Kelly said that medical staff took the woman away “to treat her while we explained to the paramedic what had happened.”
Her twin sister, Lindsay Byrne, shared her perspective with Fox News Digital as well.
“When we heard they needed help, there wasn’t much to think about. For me as a firefighter and paramedic, tones go off several times throughout the day — and I don’t always know what the call is.”
“It was just my instinct to get up and go.”
She added, “You try to figure out what you’re dealing with when you get there. When they said ‘medical emergency,’ they didn’t say what was going on until we got up there.”
“The attendant just said,” Byrne noted, “that the woman was unresponsive and she didn’t know what to do, she couldn’t feel for a pulse, said she wasn’t breathing.”
“It was just my instinct to get up and go. I am just so used to getting up and going when I hear the tones and I never know what I am responding to until I get there,” she said.
Kelly said that for her, “Working several shifts in the ER — I see a little bit of everything.”
She noted that “the people sitting next to me on the plane told me they’d never seen people move so quickly. I didn’t think twice — I just think somebody needs help and I need to go. Your brain kicks in and you naturally go because you have to save a life.”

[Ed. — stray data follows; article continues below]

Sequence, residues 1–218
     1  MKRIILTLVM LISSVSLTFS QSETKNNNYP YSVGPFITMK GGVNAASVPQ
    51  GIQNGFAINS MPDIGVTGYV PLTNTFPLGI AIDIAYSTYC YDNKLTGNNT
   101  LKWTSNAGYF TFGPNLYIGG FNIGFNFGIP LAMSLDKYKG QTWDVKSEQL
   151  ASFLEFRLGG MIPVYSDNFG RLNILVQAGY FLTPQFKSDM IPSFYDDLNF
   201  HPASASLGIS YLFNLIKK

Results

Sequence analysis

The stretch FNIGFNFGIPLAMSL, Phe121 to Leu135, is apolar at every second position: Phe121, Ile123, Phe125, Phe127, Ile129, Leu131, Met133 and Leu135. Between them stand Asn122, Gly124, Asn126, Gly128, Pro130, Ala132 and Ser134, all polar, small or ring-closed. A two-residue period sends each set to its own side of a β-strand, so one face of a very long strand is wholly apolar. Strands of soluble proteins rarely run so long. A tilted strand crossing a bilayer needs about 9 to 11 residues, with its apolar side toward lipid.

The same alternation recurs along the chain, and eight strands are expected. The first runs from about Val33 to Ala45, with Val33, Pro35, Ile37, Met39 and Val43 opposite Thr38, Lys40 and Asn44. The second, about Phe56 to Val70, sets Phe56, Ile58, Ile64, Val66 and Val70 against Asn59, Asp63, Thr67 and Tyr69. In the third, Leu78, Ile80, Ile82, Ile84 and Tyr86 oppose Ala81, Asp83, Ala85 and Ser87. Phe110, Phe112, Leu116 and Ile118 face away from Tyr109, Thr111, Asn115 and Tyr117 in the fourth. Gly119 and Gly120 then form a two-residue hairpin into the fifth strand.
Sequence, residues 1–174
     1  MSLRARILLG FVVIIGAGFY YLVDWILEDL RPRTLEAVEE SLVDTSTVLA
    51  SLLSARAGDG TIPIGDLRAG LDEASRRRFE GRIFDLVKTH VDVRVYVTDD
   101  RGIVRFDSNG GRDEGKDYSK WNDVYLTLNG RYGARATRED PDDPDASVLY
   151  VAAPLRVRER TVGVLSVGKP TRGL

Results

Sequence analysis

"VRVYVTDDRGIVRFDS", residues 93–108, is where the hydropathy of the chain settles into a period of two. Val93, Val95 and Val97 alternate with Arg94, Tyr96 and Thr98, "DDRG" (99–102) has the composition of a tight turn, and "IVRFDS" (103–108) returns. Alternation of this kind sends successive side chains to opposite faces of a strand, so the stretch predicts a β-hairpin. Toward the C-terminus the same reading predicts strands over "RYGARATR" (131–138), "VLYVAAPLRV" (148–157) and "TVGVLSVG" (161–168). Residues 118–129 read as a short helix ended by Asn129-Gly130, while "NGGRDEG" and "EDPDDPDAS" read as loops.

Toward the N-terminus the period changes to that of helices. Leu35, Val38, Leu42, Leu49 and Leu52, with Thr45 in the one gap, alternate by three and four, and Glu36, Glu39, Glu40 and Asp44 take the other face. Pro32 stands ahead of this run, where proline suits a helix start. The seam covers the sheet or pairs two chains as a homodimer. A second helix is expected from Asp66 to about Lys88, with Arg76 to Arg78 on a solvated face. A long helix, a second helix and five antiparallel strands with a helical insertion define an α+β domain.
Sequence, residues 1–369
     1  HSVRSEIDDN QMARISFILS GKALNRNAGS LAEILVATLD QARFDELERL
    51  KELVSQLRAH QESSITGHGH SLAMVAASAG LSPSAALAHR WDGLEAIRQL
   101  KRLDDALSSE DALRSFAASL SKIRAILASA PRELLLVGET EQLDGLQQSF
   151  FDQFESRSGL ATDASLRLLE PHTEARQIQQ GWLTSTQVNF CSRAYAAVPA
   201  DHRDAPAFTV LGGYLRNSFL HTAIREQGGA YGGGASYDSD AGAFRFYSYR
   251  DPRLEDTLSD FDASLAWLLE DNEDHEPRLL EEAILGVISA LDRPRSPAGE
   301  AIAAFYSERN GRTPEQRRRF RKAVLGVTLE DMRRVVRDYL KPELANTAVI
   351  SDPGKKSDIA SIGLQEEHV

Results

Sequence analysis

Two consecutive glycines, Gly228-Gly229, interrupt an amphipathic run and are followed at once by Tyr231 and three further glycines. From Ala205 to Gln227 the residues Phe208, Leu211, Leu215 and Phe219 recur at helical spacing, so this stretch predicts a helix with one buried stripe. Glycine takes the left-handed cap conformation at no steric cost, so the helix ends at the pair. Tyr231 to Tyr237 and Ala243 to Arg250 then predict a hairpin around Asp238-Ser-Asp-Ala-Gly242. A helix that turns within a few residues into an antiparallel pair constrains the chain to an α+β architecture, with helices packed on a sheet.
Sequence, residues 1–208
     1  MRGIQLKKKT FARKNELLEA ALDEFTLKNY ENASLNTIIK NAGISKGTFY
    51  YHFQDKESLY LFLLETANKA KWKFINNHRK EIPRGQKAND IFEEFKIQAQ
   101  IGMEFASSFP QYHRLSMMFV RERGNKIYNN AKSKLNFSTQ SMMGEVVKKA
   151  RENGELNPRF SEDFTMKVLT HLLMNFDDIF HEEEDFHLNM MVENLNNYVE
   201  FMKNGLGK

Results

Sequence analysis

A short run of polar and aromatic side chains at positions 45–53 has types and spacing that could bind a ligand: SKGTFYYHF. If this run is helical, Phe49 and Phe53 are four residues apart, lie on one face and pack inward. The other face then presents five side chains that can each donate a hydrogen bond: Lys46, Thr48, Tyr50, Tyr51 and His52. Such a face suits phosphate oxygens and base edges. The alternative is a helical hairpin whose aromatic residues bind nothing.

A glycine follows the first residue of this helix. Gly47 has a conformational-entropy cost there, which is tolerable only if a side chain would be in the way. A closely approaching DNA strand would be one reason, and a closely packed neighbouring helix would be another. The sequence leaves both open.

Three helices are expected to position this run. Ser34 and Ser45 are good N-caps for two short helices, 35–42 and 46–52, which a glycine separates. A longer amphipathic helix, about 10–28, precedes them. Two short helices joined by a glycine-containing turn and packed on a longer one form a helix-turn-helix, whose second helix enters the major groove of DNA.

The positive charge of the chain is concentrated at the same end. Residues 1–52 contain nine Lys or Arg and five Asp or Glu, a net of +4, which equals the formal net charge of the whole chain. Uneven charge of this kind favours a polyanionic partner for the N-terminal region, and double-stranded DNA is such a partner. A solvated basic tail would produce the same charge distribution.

Said Lindsay Byrne, “All of these airlines are supposed to carry certain medical equipment, but we didn’t know what they had available — we had to improvise.”
She said that “with diabetics — because their levels can go so low so quickly — you can use food and sugar to treat a patient, which was available.”
Said Kelly, “We went into [it] like, ‘It’s an airplane, OK. What could we use?'”
Nicole Kelly said that both women got into their respective fields “starting out as junior firefighters in the 6th grade.”
Said Kelly, “I knew I wanted to do more in the medical field and always wanted to be a nurse. I applied to nursing school and got through it — I knew it was a right choice for me.”
“We were able to be in the right place at the right time. We’re happy knowing we were able to do something with a positive outcome.”
As for Lindsay Byrne and her chosen profession, she said, “I always said I wanted to be a firefighter. I was dead set on it.”